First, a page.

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Last month, the FA National Futsal Series (The pinnacle of English Futsal) tweeted about the Box Plus/ Minus (PBM) metric, stating:
“Something that might be worth doing is looking at whether plus-minus works as tool for assessing futsal players. The many rolling substitutions and frequent scores might make this a simple and effective tool for coaches…..or a detailed comparative review of futsal development strategies worldwide to identify the most successful strategies and tactics and relate these to any relevant cultural contexts.”
Reading about the Box Plus/ Minus (PBM) metrics, Futsal Focus wanted to take this a bit further and highlight it for those who not have heard of it by publishing this article.
As the title of this article states the Box Plus/Minus, is a box score-based metric that estimates a player’s contribution to the team when that player is on the court. And, it is a metrics used in Basketball which many futsal fans argue should be the sport that is compared to futsal rather than the traditional assumption which is relating futsal to football just because there is a ball being kicked and a goal being used. The basketball-reference.com website describes the metrics is based only on the information in the traditional basketball box score–no play-by-play data or non-traditional box score data (like dunks or deflections) are included.
BPM uses a player’s box score information, position, and the team’s overall performance to estimate the player’s contribution in points above league average per 100 possessions played. BPM does not take into account playing time — it is purely a rate stat! Playing time is included in Value Over Replacement Player (VORP) which is discussed below.
League average is defined as 0.0, meaning 0 points above average or below average. Because above-average players play more minutes, there are far more below-average players than above-average players in the league at any time. A value of +5.0 means the team is 5 points per 100 possessions better with the player on the floor than with average production from another player. (In the 2018-19 season, teams averaged around 100 possessions per 48 minute game.)
To give a sense of the scale:
+10.0 is an all-time season (think peak Jordan or LeBron)
+8.0 is an MVP season (think peak Dirk or peak Shaq)
+6.0 is an all-NBA season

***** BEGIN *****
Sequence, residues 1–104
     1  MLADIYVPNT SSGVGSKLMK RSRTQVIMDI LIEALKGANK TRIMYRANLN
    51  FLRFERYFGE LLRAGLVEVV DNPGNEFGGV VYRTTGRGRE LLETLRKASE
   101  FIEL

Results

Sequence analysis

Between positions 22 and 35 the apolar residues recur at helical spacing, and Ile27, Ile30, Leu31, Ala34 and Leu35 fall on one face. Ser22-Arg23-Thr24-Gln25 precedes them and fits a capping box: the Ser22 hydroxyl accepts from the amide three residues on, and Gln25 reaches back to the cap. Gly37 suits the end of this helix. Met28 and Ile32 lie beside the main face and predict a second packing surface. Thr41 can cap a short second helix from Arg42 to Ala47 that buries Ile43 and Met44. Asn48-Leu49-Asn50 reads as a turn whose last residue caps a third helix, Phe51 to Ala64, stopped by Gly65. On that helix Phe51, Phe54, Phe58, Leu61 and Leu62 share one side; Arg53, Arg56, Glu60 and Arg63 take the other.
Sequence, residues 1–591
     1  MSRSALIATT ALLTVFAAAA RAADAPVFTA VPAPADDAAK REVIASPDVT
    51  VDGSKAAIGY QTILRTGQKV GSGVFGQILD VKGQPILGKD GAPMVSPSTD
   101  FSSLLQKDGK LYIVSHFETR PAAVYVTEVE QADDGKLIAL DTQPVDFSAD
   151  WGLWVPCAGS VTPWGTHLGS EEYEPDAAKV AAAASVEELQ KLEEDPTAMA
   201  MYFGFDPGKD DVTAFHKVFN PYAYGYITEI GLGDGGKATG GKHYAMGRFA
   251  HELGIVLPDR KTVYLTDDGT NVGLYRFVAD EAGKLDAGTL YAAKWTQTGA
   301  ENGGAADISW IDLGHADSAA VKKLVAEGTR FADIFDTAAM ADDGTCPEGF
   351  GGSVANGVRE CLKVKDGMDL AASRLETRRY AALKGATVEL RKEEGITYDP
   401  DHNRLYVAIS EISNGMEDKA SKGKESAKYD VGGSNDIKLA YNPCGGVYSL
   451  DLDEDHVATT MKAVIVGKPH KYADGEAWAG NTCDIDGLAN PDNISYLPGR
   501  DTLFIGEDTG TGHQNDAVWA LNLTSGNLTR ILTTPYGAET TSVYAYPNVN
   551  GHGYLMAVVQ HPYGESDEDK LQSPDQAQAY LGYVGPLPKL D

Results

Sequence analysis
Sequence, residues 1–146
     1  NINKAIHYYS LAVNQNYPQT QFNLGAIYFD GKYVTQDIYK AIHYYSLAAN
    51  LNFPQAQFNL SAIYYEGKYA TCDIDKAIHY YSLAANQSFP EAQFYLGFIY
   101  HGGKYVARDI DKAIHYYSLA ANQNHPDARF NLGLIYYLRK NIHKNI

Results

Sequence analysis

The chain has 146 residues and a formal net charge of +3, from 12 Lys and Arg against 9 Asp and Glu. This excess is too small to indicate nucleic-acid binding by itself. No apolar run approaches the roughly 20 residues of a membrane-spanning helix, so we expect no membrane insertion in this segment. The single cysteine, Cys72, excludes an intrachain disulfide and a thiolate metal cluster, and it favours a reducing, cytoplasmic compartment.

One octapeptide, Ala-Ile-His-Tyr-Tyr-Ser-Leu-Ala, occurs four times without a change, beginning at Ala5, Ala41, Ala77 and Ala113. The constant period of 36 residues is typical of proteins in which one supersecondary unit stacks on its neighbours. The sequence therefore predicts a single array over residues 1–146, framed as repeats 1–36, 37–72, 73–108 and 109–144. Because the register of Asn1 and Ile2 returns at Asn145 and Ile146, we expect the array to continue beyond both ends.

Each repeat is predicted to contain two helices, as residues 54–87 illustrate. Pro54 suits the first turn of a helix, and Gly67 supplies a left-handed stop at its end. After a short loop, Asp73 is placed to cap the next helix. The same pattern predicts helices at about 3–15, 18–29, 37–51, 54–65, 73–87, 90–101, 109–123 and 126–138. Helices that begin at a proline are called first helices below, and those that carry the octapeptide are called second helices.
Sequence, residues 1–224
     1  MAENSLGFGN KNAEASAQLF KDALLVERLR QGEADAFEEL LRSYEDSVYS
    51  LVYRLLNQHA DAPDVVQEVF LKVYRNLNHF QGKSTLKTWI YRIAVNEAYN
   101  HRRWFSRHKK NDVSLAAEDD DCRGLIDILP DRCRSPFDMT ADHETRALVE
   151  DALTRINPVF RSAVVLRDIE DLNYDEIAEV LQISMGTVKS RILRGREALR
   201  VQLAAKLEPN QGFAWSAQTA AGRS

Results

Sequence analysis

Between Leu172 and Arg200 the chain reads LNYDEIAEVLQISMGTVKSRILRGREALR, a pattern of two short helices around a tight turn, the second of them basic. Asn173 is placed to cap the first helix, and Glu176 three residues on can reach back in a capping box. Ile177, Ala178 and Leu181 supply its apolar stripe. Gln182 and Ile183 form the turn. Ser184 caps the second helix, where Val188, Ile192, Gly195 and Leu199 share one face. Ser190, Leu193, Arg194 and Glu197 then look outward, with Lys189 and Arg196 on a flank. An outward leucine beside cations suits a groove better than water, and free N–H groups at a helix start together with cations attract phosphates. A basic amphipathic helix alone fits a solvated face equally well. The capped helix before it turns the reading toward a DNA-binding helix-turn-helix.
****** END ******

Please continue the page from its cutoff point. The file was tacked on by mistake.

+4.0 is in all-star consideration
+2.0 is a good starter
+0.0 is a decent starter or solid 6th man
-2.0 is a bench player (this is also defined as “replacement level”)
Below -2.0 are many end-of-bench players
Here is a histogram of all player seasons from 1974 to 2019. Note that, by count of player seasons, there are far more below average seasons but that when you look at minutes played it is balanced.
For team scale, an elite team might have a regular-season team-level efficiency in the range of +8.0 per 100 team possessions. That elite team’s best lineup of their five top players might be in the +14 range or even higher.
How does Box Plus/Minus evaluate players? The basic concept is simple. BPM starts by assuming that every player on the team has contributed equally. If the team is good, all of the players are assumed to be equally good.
Next, the box score information is added to revise the evaluation. All of the box score data is measured relative to the other players on the team. Does this player get more or fewer steals than the other players on the team? If more, this player is likely better on defense than they are. Do they score more or less efficiently? Do they have more or fewer assists?
This box score information is also weighted according to what position or role the player has on the team. For instance, a block by a center is good, but a block by a guard is great. Similarly, scoring by a low usage player has to be very efficient to mean much to the team, since they aren’t putting pressure on the defense.
Now, some of the box score data does not help measure a player’s impact on the team, even though the stat may be obviously valuable to the team. Defensive rebounds fall into that category. They matter to the team, but it really doesn’t matter who on the team gets them. The credit for getting that rebound mostly gets split among the team, rather than all being credited to the player who actually pulled the rebound down.
BPM was created to intentionally only use statistics that are widely available and are available historically. Recently in the NBA far more statistics have been gathered, either from play-by-play or hand tracking, which allow more detailed metrics. BPM does not include that data and should not be as accurate as stats that do include the additional information (assuming they are implemented rigorously!) like Player Impact Plus/Minus and Real Plus/Minus.
To read more from the basketball-reference, click here
You can also learn more about the video below dives into the entire world of plus-minus as a way to determine impact or value. Is single-game plus-minus any good? Full season vs. on/off data? How do we account for teammates? And if we make the right adjustments, do we have an ideal one-number stat for ranking NBA players?
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